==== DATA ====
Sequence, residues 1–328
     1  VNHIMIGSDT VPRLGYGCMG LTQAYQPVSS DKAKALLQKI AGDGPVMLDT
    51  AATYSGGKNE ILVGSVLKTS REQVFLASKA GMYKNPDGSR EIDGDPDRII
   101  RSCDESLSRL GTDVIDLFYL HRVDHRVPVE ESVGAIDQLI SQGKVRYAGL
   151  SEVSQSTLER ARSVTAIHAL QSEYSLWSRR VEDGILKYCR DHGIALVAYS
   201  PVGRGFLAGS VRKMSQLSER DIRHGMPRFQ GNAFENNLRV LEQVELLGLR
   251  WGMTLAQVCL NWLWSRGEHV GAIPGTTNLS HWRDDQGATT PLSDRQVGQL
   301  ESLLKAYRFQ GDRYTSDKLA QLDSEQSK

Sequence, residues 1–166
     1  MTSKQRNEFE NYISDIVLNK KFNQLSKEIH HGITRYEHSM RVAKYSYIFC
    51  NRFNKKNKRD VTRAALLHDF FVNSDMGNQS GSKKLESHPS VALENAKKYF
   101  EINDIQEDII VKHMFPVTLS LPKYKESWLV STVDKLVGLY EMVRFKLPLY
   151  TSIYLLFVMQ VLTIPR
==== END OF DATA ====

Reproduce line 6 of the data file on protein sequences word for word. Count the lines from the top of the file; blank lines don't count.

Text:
   201  PVGRGFLAGS VRKMSQLSER DIRHGMPRFQ GNAFENNLRV LEQVELLGLR